Monday, October 15, 2018

Adventures Currently in Progress...

Welcome to the Dungeon. Peter Mullen. Delightfully cheeky and reminiscent of Tom Wham's meta level D&D illos. Descending into the Underworld is barmy on the face of it. That's humanity for you, though. 

Peter Mullen's cover for Swords & Wizardry core. The rest of the party seem to be trying to stop or deter the halfling from grasping the sword, or the pommel. Maybe they just think he's going to fuck it up. The guy in the helmet and red shirt appears to be reacting to something else, off to the left. The Wizard on the right might be egging the halfling on. There's a lot of skeletons in this room. Their fingers are all clawed and they have horns. Something ancient, pre-human, even anti-human is represented. Green is everywhere, even on the red clothing and flesh of those present. The party is descending into depths of time, history and creation. They are in the Underworld. For Gold. And Power.

Maybe my favorite Frazetta piece. Conan's aggression and energy is so explicit in his face and even more so, in his hands, preparing to grasp the sorcerer with their indomitable strength. Demons meander about the edges of the scene in indistinct gloom. The smoky cup is dropped and cocked on it's side. The sorcerer's fist clenches the chain of the thurible. He seems utterly unaware of Conan's presence. Perhaps he is too caught up in his invocations to pay attention to anything other than the ritual working he endeavors to complete. The green, reptilian crocodile and alien octopus at the bottom. Very inhuman, primordial, Lovecraftian. The unclean nature of magic and trafficking with dark powers is a common theme in Howard's writing. There's very few examples of "good" magic. The sorcerer, like the adventurers in the previous illustration, has descended into the underworld and moves in the depths of hell! And Conan has followed him here. To rescue his queen, though he's certainly undertaken similar adventures for not so different reasons than the sorcerer. For Gold. And Power.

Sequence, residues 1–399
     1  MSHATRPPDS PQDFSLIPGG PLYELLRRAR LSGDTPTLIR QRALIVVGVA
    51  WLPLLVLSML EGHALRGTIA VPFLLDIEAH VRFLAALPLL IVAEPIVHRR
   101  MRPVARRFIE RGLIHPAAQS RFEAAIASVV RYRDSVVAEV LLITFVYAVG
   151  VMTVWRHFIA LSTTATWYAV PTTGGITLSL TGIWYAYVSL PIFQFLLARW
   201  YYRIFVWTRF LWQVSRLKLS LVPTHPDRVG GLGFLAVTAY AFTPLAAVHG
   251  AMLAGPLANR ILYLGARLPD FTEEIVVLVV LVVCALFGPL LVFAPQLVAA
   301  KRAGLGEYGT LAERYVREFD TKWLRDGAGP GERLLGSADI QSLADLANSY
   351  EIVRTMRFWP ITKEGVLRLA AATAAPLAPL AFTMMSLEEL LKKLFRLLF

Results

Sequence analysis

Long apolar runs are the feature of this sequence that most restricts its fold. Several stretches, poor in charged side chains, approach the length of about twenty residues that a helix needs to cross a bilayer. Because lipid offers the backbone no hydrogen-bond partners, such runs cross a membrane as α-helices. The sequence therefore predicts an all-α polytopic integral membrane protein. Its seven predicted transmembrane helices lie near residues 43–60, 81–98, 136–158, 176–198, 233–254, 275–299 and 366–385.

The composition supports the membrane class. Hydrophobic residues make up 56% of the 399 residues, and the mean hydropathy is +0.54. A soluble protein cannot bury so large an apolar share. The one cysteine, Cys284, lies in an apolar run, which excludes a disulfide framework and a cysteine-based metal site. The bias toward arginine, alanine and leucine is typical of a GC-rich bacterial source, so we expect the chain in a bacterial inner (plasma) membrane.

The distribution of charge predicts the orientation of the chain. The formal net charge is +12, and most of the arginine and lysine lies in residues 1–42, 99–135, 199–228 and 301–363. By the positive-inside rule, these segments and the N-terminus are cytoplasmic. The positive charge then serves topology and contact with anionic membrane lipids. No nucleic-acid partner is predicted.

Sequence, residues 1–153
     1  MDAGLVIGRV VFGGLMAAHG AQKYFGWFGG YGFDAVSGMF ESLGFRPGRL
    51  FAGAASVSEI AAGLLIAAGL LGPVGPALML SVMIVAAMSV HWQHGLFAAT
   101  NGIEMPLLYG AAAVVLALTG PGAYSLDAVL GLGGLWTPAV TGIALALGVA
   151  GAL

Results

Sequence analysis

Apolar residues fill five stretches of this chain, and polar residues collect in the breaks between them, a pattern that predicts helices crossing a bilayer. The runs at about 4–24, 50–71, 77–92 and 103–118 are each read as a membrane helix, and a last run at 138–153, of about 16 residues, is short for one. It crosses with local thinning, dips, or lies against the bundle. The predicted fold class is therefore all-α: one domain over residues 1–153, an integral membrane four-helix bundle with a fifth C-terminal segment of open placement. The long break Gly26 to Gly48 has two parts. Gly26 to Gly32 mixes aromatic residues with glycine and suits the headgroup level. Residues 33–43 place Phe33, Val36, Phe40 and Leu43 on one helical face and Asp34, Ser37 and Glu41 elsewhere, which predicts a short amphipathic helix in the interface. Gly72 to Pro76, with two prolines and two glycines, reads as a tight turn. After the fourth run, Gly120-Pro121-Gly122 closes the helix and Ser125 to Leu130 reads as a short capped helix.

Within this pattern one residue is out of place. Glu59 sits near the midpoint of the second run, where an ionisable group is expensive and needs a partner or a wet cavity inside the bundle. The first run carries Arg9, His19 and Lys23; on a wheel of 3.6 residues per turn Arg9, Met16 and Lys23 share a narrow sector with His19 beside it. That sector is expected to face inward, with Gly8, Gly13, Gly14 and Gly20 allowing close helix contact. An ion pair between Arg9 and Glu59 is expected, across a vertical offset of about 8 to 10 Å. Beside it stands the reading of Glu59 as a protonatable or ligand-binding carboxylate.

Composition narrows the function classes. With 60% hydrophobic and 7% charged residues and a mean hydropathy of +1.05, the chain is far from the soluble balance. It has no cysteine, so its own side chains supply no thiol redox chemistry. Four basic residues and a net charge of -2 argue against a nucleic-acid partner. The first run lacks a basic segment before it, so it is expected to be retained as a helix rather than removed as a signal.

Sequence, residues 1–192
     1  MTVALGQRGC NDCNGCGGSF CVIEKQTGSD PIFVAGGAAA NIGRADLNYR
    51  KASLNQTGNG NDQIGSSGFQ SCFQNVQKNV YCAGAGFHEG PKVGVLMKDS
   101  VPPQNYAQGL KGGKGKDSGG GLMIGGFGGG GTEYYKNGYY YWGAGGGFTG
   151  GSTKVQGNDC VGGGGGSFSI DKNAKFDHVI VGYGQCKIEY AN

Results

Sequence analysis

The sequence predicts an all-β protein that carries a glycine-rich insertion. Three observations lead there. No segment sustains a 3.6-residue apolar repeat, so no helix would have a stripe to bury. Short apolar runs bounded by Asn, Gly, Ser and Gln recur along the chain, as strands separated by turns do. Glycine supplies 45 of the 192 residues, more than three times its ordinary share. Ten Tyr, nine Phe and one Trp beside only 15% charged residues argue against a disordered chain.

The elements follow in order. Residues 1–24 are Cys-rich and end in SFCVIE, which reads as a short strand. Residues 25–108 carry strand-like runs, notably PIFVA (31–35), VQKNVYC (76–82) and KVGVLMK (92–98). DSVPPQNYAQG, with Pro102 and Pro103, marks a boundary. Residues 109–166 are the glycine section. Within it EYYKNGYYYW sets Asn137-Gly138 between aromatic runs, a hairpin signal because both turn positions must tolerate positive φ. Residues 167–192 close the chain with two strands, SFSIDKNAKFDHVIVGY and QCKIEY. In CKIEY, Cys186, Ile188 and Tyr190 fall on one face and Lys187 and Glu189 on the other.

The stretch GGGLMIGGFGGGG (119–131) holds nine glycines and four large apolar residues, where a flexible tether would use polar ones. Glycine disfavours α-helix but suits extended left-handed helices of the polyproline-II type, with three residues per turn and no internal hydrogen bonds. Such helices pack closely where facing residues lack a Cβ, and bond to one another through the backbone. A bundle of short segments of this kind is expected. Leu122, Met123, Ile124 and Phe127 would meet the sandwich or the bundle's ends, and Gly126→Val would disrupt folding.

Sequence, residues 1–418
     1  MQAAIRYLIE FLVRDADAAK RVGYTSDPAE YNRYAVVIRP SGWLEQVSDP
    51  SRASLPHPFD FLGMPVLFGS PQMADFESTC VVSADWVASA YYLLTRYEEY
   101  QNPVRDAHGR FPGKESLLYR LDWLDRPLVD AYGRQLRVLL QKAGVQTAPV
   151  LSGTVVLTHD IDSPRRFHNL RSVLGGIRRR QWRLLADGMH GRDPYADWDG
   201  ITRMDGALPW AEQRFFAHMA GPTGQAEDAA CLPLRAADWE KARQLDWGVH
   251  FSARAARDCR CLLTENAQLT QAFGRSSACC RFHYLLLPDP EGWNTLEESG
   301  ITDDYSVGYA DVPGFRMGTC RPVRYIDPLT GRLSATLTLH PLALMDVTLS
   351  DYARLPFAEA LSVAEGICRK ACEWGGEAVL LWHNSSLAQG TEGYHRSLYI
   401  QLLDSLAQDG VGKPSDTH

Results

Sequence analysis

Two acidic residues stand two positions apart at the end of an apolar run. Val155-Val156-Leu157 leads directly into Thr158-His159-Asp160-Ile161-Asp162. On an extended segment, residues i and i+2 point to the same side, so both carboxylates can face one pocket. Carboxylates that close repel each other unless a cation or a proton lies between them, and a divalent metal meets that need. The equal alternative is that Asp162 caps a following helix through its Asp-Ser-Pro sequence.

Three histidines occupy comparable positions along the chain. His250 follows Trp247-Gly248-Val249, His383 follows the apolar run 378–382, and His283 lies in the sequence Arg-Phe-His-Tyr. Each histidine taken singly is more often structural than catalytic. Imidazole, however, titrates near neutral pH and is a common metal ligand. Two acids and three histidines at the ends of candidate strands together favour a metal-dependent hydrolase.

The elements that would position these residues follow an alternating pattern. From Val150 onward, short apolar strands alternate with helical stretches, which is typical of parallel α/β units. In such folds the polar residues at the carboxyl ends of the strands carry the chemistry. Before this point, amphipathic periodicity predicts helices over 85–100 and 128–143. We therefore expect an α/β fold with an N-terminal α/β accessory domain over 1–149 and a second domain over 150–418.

Sanjulian's depiction of Conan standing before Yag-Kosha in Howard's Tower of the Elephant. One of the strangest and most ambitious of the author's Conan stories. This highly evolved and powerful being is trapped in a hell devised by the sorcerer Yara. Here, Conan does not find the treasure he was seeking. But, he does leave this adventure with a little more knowledge and wisdom than when he began it.

Is that an Otyugh? More tentacles. And notice the snake on the right.

I've always thought this dude was totally fucked!

The cover to Matt Finch's Primer. More green, nasty things trying to eat adventurers. Notice the slime, dripping from the ceiling. I've always wished Matt would do some more illustrating.

The naked greed on the face of the dude on the right is almost obscene.

There's an art term for when someone in a picture seems to be looking at the viewer, but it escapes me at the moment and Google wasn't any help. His face seems to portray relief, as well as encouragement and satisfaction. If someone were making recruitment posters for dungeon delving, this is what one would look like.